Leila Fadel Leila Fadel is a national correspondent for NPR based in Los Angeles, covering race and identity.
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Leila Fadel

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Leila Fadel headshot
Courtesy of Leila Fadel/NPR

Leila Fadel

National Correspondent

Leila Fadel is a national correspondent for NPR based in Los Angeles, covering race and identity. Starting in February 2022, she will be one of the hosts of Morning Edition and Up First.

As a national correspondent, Fadel has consistently reported on the fault lines of this divided nation. She flew to Minneapolis in the midst of the pandemic as the city erupted in grief and anger over the killing of George Floyd. She's reported on policing and race, on American Muslim communities and on the jarring inequities the coronavirus laid bare in the healthcare system. Her "Muslims in America: A New Generation" series, in collaboration with National Geographic, won the prestigious Goldziher Prize in 2019.

Previously, she was NPR's international correspondent based in Cairo and covered the wave of revolts in the Middle East and their aftermaths in Libya, Tunisia, Egypt, and beyond. Her stories brought listeners to the heart of a state-ordered massacre of pro-Muslim Brotherhood protesters in Cairo in 2013 when police shot into crowds of people to clear them and killed between 1,000 and 2,000 people. She told the tales of a coup in Egypt and what it is like for a country to go through a military overthrow of an elected government. She covered the fall of Mosul to ISIS in 2014 and documented the harrowing tales of the Yazidi women who were kidnapped and enslaved by the group. Her coverage also included stories of human smugglers in Egypt and the Syrian families desperate and willing to pay to risk their lives and cross a turbulent ocean for Europe.

She was awarded the Lowell Thomas Award from the Overseas Press Club for her coverage of the 2013 coup in Egypt and the toll it took on the country and Egyptian families. In 2017 she earned a Gracie award for the story of a single mother in Tunisia whose two eldest daughters were brainwashed and joined ISIS. The mother was fighting to make sure it didn't happen to her younger girls.

Before joining NPR, Fadel covered the Middle East for The Washington Post as the Cairo Bureau Chief. Prior to her position as Cairo Bureau Chief for the Post, she covered the Iraq war for nearly five years with Knight Ridder, McClatchy Newspapers, and later the Washington Post. Her foreign coverage of the devastating human toll of the Iraq war earned her the George. R. Polk award in 2007. In 2016 she was the Council on Foreign Relations Edward R. Murrow fellow.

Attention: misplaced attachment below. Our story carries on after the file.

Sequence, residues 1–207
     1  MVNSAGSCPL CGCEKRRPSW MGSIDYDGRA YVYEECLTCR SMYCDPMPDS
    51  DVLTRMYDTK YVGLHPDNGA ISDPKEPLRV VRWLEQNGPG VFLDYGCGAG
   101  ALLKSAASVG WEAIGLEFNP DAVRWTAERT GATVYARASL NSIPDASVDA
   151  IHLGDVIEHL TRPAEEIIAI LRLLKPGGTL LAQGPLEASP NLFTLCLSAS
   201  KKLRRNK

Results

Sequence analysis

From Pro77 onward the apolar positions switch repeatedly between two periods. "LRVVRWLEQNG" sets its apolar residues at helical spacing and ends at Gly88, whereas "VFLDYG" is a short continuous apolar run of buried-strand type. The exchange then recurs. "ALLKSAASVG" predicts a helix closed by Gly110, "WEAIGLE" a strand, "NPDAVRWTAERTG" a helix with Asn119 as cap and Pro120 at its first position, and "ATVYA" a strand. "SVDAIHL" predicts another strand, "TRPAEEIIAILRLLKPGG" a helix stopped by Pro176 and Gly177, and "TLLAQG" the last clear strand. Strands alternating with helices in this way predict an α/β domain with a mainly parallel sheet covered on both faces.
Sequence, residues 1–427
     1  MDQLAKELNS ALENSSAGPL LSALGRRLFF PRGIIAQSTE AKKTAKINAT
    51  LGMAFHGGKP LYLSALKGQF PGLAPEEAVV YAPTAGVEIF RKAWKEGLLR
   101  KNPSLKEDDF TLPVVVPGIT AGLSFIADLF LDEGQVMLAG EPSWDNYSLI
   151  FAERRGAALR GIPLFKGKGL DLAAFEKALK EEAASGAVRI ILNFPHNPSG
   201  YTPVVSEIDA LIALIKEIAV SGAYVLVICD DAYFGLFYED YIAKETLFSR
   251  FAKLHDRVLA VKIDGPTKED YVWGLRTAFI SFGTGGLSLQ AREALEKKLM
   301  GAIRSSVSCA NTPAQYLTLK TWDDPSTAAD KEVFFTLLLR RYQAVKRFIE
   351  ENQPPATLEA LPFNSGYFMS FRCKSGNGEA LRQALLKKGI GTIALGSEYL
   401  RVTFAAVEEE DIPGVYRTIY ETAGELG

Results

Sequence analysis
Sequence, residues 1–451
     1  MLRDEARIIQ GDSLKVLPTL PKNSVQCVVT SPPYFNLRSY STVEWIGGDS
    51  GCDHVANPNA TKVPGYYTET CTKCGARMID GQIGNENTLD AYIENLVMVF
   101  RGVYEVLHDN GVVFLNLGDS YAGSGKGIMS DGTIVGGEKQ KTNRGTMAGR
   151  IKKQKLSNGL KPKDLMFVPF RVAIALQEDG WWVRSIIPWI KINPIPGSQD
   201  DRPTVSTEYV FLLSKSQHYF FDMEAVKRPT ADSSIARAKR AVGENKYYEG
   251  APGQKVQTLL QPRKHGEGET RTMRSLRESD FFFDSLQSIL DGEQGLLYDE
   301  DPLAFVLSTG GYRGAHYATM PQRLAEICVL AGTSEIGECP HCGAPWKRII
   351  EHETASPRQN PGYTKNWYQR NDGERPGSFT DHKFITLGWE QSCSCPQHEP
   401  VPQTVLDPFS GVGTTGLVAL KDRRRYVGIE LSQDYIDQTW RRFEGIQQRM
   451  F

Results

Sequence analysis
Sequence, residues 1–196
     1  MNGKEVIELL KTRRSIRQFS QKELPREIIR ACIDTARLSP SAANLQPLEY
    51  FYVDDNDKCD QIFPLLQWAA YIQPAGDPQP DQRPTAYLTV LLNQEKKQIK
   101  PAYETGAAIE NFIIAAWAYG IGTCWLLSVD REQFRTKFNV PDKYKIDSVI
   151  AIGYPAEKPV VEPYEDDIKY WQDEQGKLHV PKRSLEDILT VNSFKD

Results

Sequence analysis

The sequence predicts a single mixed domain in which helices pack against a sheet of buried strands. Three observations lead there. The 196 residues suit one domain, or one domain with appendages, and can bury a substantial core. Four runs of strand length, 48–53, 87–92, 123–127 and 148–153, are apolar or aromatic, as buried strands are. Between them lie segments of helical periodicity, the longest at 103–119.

Fadel is a Lebanese-American journalist who speaks conversational Arabic and was raised in Saudi Arabia and Lebanon.

Story Archive

Derek Chauvin pleads guilty to violating George Floyd's civil rights in federal court

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Outside of Atlanta, Black families are buying land to create a safe haven

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Reenacting their own childhood abuse from Catholic clergy, 6 men heal in 'Procession'

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Racism is a common thread in 3 high profile trials in different parts of the U.S.

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Demonstrators march during a protest against Asian hate in Times Square in New York in March after a troubling spike in violence against the Asian American community during the coronavirus pandemic. Michael Nagle/Xinhua News Agency/Getty Images hide caption

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Michael Nagle/Xinhua News Agency/Getty Images

With racial attacks on the rise, Asian Americans fear for their safety

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National Women's Soccer League cancels weekend games after investigation into coach

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Texas Congressman Tony Gonzales speaks about the border and immigration

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Humanitarian Leader Warns Of Economic Collapse In Afghanistan

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Facebook's Own Research Says Its Apps Can Harm Mental Health. Senators Have Questions

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Near-Famine, Civil Conflict And COVID Leave Yemen In Devastating Humanitarian Crisis

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Karl Ove Knausgaard On Exploring A 'World Out Of Joint' In His New Book

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Survivors Of The Trinity Nuclear Test Weren't Warned — Then Were Lied To After

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Novelist Edwidge Danticat: Allow Haitians To Determine Their Own Future

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Girls gather at a gender-segregated school in Kabul on Sept. 15. When older secondary students returned to classes, female students were told to wait. Bulent Kilic/AFP via Getty Images hide caption

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Aid Official Warns Of A Bleak Situation In Afghanistan As Winter Approaches

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